Over the past couple of weeks. there have been some new developments in the controversy over methyl iodide, a fumigant used mostly in the harvesting of strawberries.
Farmers say methyl iodide is critical to the state's $2 billion strawberry industry, and California’s Department of Pesticide Regulation approved it last year.
The process, however, exposed a rift between DPR scientists and administrators, when the latter approved exposure levels 120 times higher than what staff and consulting scientists believe is safe for farm workers and people who live near strawberry fields. (Background on this story here, here, and here.)
EPA opens public comment period
Last week, the EPA opened a public comment period on methyl iodide. Environmentalists say this is a long time coming. In March, 2010, the enviro-law group Earthjustice submitted a petition to the US-EPA, asking that the agency revoke its approval of the fumigant, which would force California to do the same. In August, US Senator Diane Feinstein chimed in, requesting that the EPA re-evaluate the methyl iodide decision. Last Thursday the agency formally invited members of the public to weigh in on whether methyl iodide should be approved as a pesticide. At the end of the 30-day period, the agency will “evaluate the petitioner’s request,” to see whether it warrants further action.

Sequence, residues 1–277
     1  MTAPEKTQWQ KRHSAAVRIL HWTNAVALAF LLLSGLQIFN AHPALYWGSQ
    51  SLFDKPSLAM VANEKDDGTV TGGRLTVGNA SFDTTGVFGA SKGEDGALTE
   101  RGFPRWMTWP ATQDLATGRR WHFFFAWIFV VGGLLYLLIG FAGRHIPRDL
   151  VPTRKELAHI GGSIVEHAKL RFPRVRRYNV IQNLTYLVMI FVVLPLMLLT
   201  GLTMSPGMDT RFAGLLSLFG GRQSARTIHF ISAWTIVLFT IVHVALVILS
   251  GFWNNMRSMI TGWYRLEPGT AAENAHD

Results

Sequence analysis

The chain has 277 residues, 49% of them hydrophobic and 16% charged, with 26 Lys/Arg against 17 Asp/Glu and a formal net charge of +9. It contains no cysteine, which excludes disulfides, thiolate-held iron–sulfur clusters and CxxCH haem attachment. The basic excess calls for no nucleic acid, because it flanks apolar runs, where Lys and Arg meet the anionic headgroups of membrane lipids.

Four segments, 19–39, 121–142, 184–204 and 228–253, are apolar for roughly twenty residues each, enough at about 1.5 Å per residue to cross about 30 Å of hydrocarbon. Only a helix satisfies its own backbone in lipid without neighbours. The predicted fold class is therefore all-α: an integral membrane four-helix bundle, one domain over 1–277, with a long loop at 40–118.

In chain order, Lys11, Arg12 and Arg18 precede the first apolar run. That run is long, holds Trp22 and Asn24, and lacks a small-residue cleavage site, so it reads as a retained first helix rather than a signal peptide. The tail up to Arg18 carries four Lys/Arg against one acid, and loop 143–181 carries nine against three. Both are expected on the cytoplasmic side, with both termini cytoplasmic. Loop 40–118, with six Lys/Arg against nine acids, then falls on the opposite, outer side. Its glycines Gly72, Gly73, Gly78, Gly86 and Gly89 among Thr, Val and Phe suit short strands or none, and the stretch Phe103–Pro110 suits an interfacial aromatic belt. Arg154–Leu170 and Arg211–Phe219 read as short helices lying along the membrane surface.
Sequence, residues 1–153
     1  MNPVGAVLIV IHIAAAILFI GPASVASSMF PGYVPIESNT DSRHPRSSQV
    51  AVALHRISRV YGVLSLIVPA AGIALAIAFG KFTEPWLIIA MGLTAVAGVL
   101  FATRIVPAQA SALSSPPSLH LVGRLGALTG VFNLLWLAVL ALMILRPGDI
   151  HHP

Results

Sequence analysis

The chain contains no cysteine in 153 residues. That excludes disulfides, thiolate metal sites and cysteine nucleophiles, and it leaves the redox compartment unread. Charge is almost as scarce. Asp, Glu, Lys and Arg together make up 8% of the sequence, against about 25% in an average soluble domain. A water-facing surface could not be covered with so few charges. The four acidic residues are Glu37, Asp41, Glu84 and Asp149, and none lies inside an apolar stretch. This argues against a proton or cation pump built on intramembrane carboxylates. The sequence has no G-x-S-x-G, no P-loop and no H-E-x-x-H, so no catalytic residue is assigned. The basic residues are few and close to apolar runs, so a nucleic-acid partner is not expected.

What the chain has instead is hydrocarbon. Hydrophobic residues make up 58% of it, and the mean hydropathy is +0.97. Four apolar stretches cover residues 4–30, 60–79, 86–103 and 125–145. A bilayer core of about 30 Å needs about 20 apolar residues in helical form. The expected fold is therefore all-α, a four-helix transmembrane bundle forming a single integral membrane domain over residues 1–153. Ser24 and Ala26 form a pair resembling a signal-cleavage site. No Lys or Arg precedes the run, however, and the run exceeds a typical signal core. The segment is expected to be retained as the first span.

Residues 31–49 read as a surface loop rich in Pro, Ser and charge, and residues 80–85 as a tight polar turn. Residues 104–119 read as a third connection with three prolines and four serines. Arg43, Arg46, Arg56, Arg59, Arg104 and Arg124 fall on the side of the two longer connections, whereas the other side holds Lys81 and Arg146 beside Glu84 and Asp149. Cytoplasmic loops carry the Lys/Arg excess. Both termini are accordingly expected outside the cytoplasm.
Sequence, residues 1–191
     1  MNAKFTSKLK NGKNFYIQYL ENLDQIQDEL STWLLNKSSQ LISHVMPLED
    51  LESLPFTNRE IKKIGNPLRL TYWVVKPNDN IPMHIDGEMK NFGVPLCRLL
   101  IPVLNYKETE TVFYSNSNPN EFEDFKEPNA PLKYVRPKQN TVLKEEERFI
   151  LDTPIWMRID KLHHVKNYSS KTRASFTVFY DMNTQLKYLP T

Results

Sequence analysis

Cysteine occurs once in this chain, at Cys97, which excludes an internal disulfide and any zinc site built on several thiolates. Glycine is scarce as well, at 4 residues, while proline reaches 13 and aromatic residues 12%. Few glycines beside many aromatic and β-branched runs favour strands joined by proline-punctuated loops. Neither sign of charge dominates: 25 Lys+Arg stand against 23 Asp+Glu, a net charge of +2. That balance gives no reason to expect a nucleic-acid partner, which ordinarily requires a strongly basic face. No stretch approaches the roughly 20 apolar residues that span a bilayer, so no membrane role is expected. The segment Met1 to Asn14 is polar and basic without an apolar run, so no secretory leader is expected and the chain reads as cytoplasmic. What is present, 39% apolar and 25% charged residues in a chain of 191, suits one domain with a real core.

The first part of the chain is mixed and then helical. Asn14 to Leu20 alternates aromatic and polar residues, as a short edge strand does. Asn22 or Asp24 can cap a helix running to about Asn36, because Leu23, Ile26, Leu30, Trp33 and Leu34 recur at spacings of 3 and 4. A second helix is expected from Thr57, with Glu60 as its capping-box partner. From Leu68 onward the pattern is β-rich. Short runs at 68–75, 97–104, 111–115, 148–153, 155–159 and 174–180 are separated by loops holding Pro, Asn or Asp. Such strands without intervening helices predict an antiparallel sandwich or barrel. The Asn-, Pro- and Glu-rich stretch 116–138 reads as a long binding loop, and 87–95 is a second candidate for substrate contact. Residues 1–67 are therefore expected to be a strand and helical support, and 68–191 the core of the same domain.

So, does the move signal a shift in the EPA’s thinking about whether methyl iodide should be a federally-approved pesticide? Or is it just a formality? Depends on who you ask. Greg Loarie, an attorney with Earthjustice, said “our hope is that EPA will take this process seriously and will conclude that the prior administration's decision to register methyl iodide was misguided.”